Jazz improvisation.

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matt_p
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Jazz improvisation.

Post by matt_p » 05 Jul 2010, 22:13

Hi all, this is my first post, so I'd firstly like to say hello, my name is Matt (you guessed it!), I've just finished my GCSEs and will hopefully be taking my grade 7 in November, my piano teacher is a classical one, and I have not had chance or developed the know-how to improvise in a jazz style. I am familiar with improvising in a blues style in different keys etc., simply around the 12 bar blues format, can play reasonably well, but have no idea how to go about jazz improvisation :?: . Any tips would be greatly appreciated as I have a couple of friends who play sax. and would love to be able to play with them and also have the ability to take on solo bits, without sounding rubbish :lol: .

Thanks in advance, Matt

markymark
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Re: Jazz improvisation.

Post by markymark » 06 Jul 2010, 01:35

I would recommend you buy a tuition pack from Hal Leonard which does CD and books packs as well as DVDs. I have used these in the past and they are very good. While there are some similarities between the format of likes and use of the blues scale, there are some important differences, the main one being that the key signature constantly changes in jazz or at least it does in your head whenever you start soloing.

In more advanced pieces, Jazz music modulates constantly unlike the blues scale where the key signature follows mostly a "three chord wonder" format, i.e. G, C, D, G. In many instances, when you change chord in jazz, you play the key signature relating to that chord which is why the music often takes on that floaty, undefinable quality. If the music was written out, you would see constant accidentals but it does help as I say to think of the key signature relating to that chord. It doesn't happen all the time, but where soloing is involved, I would say that it is unavoidable in order to stop it sounding as safe or stationary as blues or country. Having said that, there are patterns in the behaviour of the music such as the 2-5-1 progression for example. It appears also in urban/gospel music styles.

No quick fix on this except start to brushing up on your major seventh chords and your 9th and 13th chords.

matt_p
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Re: Jazz improvisation.

Post by matt_p » 06 Jul 2010, 12:37

Thanks very much for taking the time to explain that to me, I think I am starting to understand what it's all about now :D . I have played plenty of major/minor/dominant 7th chords before, but I have to admit 9ths and 13ths are new to me (I know what they are, just not used them before in improvisation). Will consider buying what you have suggested, as I really am clueless and could do with a boot in the right direction on this one. I have a feeling it's just going to be a case of practice makes perfect though (I have only been playing for 4 years now), will see how I get on.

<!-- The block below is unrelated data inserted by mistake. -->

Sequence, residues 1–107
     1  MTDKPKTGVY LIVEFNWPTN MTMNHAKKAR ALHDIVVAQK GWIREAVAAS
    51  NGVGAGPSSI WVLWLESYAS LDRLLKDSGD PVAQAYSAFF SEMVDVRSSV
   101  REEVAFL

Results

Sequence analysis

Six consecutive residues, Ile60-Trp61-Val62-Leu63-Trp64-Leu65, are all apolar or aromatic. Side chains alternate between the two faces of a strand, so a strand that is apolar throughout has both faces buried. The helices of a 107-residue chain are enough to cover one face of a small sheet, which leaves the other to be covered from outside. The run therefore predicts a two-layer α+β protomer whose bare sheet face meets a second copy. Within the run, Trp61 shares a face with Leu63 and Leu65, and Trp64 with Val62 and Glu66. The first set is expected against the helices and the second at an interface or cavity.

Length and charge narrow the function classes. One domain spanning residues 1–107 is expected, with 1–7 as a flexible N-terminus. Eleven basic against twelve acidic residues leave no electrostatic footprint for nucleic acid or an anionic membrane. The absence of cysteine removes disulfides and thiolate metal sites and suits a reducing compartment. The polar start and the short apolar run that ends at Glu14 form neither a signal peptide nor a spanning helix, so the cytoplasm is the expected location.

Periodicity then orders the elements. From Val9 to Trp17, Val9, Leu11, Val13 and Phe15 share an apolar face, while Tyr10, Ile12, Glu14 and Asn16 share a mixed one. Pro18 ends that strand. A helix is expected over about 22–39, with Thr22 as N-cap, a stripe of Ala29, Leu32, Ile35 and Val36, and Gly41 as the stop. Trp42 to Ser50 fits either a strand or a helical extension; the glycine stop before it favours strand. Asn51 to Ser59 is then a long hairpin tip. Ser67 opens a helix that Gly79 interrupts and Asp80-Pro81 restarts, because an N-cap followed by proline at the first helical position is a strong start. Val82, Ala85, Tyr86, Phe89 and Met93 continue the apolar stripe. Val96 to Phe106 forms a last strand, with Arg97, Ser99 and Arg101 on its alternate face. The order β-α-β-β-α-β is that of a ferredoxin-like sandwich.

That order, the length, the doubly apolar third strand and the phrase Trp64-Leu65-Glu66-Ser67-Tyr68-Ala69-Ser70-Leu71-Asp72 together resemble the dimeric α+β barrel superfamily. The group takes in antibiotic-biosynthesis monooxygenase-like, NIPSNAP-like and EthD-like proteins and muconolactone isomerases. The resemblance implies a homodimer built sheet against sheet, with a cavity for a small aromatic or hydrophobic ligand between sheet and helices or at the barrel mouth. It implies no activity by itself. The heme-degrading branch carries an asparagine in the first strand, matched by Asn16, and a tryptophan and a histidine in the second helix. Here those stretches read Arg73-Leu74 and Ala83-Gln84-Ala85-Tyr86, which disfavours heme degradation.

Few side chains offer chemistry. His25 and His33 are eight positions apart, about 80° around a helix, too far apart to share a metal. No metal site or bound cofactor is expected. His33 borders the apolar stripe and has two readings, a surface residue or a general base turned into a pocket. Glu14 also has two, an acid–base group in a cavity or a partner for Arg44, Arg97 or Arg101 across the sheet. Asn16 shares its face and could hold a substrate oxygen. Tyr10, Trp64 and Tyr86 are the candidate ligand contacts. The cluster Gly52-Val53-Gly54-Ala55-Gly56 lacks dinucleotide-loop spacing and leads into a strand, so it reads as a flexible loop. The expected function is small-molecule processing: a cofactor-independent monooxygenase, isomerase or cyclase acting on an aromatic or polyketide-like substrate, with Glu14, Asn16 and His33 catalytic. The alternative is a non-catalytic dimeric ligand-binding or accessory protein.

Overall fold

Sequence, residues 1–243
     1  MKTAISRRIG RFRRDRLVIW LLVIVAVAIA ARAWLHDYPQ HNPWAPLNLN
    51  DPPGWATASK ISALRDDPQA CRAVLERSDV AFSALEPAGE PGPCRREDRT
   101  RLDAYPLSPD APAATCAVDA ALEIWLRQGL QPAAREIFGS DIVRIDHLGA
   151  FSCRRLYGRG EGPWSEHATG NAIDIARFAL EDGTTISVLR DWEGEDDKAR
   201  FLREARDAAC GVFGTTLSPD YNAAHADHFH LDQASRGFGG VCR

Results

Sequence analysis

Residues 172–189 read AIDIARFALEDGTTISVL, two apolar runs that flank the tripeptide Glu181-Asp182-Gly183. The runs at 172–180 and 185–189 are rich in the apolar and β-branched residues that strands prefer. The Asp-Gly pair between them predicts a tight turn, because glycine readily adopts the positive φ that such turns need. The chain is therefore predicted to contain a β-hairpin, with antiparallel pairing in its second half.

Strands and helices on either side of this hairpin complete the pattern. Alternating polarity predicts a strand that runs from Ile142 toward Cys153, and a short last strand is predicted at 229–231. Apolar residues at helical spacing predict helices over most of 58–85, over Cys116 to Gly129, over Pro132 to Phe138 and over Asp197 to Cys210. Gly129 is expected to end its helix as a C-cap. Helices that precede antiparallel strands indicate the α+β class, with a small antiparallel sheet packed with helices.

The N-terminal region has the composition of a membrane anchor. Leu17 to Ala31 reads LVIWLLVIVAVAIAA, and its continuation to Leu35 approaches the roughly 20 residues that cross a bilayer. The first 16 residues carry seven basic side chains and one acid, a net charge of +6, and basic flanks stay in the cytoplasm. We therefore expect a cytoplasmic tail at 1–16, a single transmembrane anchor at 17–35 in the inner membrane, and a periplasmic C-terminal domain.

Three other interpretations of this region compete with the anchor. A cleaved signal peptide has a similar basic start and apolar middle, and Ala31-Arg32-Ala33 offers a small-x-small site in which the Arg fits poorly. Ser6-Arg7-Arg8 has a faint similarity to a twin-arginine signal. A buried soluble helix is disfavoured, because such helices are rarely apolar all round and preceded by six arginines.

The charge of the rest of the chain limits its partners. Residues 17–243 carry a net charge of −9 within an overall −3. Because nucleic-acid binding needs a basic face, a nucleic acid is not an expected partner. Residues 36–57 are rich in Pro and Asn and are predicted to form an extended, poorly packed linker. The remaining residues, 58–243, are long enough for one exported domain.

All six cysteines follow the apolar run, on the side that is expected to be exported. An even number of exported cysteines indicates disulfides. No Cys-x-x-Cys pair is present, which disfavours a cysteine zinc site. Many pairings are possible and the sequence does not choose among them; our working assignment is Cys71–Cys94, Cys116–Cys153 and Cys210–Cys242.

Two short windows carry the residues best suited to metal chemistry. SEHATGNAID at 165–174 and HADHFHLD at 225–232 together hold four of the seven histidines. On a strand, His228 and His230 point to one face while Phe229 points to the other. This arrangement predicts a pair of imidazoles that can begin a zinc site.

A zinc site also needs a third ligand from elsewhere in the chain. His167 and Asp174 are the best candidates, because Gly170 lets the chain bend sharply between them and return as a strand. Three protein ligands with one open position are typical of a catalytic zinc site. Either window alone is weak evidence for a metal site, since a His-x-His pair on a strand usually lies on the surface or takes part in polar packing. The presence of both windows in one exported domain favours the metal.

Thanks, Matt

salhford
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Re: Jazz improvisation.

Post by salhford » 09 Jul 2010, 13:53

Jazz improvisation is composing on the spot and coming up with melodies off the top of one's head. There are various techniques to do this effectively.Improvisation is instant composition, the instant creation of a new melody. In Jazz the improvisation is usually related to a song. In most cases the improvisation follows the chord progression of that song.

Ricardo2
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Re: Jazz improvisation.

Post by Ricardo2 » 12 Jul 2010, 16:39

I've done a very similar move, and the following books have been extremely useful:

Improvising Blues Piano - Tim Richards. - This starts from the basics of blues and shows you how to develop you improvisation. As the title suggests, it's mostly blues pieces, but I think it would be best to start with this book before his other book, 'Improvising Jazz Piano'

Jazz Piano from Scratch: A How-to Guide for Students and Teachers (ABRSM) - This is a very well thought out and useful learning guide for how to improvise in jazz. It really breaks down how you go about creating improvisations and techniques you can use.

ABRSM - Jazz scales Grades 1-5 and Jazz pieces Grades 1-5) - These pieces are obviously the graded pieces from the abrsm jazz syllabus and the pieces contain improv sections. These go well with the other abrsm book above.

Hope these are of some use. It's a great jounrey.

maggiepiano
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Re: Jazz improvisation.

Post by maggiepiano » 13 Jul 2010, 10:40

Where are you based?
If you are based in the north west- band on the wall used to run jazz improvisation classes - Also- get yourself a drum machine and have a go at playing along to different jazz rhythms- latin rhythms are a good beginning, big band and dixie land swing are also a good start - I found it challenging to learn in isolation and had to get out there and play- also if you can get a few cds of your favourite jazz artists and jam along with them - there are as many different types of jazz as there are stars in the sky!

Learn the classic american song book selection first as written and then improvise round the chords- use major 7ths, 9ths, Learn the jamie abersole scales to give you some ideas about what notes to play.

ABRSM jazz exam books are good Grades 1-5

Hope this helps
Maggie

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